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Terrorist group calls for Internet ban in Somalia

The terrorist group Al-Shabaab, which has been quite active in the country of Somalia, is calling for internet service provides to stop providing service in the country, leading to outrage among citizens and the government.

There are a variety of reasons why Internet access is important to the citizenry of a nation. It can provide access to ideas and information that can enable greater thought and discussion, while also providing education to those who may have difficulty accessing it otherwise. However, some groups and organizations do not necessarily agree with this line of thought. From terrorist cells to governments, there are a number of people who wish to see Internet access limited.

An outright ban
While some people wish to administer strict censorship policies, Al-Shabaab is looking to outright ban access to online services because it believes cyberspace will expose citizens to the wrong ideas. CNN reported that the terrorist group gave ISPs an ultimatum to either cease providing online services, or face attacks from the group.

It is hypocritical that Al-Shabaab should administer such a threat given the fact that terrorist cell has quite an active present on social media, according to the news source. These threats have been condemned by the Somali government.

The country's interior minister, Abdikarim Hussein Guled said that the country's constitution guarantees freedom of expression and that citizens must be allowed to access information without fear, calling these threats intimidation tactics.

Prohibition of ideas
The organization has justified its threat by saying that Western intelligence agencies are using cyberspace to spy on the mujahideen, according to All Africa. This includes the mobile Internet, because the Al-Shabaab claims that it can be used to spy on the movement of Muslim people.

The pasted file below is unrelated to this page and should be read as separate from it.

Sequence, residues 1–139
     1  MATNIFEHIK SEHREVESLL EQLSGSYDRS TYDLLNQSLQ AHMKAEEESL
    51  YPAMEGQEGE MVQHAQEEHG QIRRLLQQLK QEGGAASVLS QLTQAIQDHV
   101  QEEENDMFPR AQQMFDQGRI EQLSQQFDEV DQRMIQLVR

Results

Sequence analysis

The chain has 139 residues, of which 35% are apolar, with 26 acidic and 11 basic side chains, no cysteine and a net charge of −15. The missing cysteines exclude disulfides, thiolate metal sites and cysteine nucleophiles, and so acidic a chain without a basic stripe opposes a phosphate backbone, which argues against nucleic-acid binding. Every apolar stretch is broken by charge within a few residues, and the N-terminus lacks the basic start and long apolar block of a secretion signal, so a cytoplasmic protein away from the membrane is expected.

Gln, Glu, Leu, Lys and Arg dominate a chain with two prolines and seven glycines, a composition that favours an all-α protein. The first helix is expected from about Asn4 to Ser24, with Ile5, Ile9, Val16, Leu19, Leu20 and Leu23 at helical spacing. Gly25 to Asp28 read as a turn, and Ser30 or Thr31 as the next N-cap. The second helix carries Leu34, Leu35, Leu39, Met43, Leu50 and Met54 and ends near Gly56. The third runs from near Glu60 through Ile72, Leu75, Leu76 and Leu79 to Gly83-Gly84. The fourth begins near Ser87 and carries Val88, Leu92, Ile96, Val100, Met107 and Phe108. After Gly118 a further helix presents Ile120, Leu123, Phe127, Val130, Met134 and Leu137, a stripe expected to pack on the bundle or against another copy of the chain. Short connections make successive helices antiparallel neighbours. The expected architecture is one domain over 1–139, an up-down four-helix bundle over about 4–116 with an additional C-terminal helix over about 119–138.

"Mobile internet is of particular danger to the security of Muslims fighting the enemies who have come, because it increases opportunities for [their] spies to transmit intelligence about the mujahideen to intelligence agencies abounding in the country," the group reportedly said.

Further, the group believes that online capabilities allow youth to access content that goes against Islamic ideas and encourages bad habits amount the youth.

Al-Shabaab occupies part of the country and has been in conflict with the Somali government. These kinds of practices have taken hold in parts of the the territory that the group currently occupies, such as harassing citizens who use smart phones. Hopefully, the Somali government is able to protect the country's online assets to keep the Internet open to use in the country.

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